Did you feel any way intimidated going into the studio with them given that Moroder and Casablanca were so much a part of the cultural zeitgeist and music you love?

Of course, I was nervous the first time I met Giorgio - I had to be. He is so lovely and he has the energy of a little kid. He's so excited all the time. I've been in the studio with a lot of people and I haven't met anyone with this level of enthusiasm for music. What I took away from him is how pure his energy is and that has to be why he is still making music now. When you love music like that, it's divine. The amount of things I learnt from him is not quantifiable.

Do you find it easy to communicate sound with new producers in the studio?

I don't at all. That's the whole reason why you work with certain people and you don't with others. I've been in situations where we couldn't communicate and it didn't work out. I'm pretty clear about what I want. The whole point of collaborating is that you don't have to explain yourself. You meet someone who is on the same wavelength as you and has better ideas than you or ways of executing your ideas. I work with people who have a flash-drive into the back of my head. They understand music the same way I do.

You need to be emotionally intuitive with each other.

It's all about the energy and the mood. Even when it is a challenge to communicate in the studio, it forces you to be as specific as possible. In all art forms, whatever you can simplify as much as possible gives you a concentrated power. The whole goal of this record was to become a better pop writer and to say more with less. That's what makes great pop music - a better melody or a simpler beat. That's the key to all great art. It's a Lichtenstein thing: take a great comic, make it really big, put your own personal fear into it and you've got a masterpiece.

You said earlier that you're the director of your own music. While writing, do you see songs like film scenes?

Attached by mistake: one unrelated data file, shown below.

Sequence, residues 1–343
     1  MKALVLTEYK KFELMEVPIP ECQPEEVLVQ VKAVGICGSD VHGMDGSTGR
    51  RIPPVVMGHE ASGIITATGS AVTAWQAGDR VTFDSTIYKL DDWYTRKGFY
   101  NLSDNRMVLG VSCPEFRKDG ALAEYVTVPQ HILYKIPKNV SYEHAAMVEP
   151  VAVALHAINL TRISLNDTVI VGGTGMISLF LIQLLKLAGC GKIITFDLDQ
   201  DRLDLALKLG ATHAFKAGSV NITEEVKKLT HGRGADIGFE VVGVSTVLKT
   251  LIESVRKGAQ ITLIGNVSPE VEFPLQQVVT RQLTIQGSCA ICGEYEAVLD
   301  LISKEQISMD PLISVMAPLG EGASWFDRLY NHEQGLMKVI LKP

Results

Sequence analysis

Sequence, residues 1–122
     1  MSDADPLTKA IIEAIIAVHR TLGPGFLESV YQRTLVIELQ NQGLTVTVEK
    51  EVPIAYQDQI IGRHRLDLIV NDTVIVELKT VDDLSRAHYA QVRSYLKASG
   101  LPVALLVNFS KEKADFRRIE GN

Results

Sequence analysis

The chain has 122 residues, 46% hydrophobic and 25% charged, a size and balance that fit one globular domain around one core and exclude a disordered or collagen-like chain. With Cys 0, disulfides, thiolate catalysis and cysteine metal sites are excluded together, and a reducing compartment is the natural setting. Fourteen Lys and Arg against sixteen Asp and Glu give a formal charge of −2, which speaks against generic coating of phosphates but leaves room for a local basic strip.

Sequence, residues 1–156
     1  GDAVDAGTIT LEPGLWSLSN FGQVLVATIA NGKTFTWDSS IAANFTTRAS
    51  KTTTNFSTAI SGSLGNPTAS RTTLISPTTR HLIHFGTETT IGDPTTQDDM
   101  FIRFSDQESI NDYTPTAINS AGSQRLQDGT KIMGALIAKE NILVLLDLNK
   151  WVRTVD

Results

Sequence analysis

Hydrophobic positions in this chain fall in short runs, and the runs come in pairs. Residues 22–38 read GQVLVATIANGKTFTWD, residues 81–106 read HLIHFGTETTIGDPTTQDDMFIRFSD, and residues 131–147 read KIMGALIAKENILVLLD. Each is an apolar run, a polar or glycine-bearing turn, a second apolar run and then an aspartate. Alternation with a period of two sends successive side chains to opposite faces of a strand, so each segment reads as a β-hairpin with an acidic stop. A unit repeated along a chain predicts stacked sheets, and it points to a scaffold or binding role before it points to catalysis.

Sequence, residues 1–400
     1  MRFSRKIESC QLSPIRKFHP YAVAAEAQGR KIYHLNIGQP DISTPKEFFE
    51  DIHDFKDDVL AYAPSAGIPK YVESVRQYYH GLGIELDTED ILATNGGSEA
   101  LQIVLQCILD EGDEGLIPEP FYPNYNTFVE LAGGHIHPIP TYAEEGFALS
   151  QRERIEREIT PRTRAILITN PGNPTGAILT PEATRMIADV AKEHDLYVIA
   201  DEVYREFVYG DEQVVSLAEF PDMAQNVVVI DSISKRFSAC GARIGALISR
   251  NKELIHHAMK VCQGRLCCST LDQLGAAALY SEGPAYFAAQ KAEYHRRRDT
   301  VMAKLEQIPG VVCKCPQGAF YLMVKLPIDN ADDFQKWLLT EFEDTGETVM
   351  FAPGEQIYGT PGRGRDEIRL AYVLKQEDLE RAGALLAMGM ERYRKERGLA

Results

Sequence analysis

Absolutely, if I can't see the movie I can't see the song. I need to see the cinematography of it. It all starts with an emotion, something that's catalyzed from an actual life experience that creates an intense emotion inside my body that I need to channel through music.

Since you see this EP as a reverse-origin story or a return to where you initiated Class Actress, while the 'More Than You' video amplifies all your references to date like David Lynch and Bret Easton Ellis. Did you want to create a transgressive visual to go with the song?

Totally, that's the reality of all the stuff you see behind the scenes. Less Than Zero is great example, in that, you can have everything but without love you don't have anything. It's the classic Hollywood idea of being alone in a room full of people. I feel that every time you pick up your iPhone, you trade reality for fantasy. We live in a world where every one is in their own movie. We don't have any separation of what we curate and what we don't because everything is in frame or a square box. I think people are starting to realize that the world is quite meta - if you can dream it in your mind, you can create it. There's just so much more that we're accessing these days. We're putting everything in a movie - a personal movie.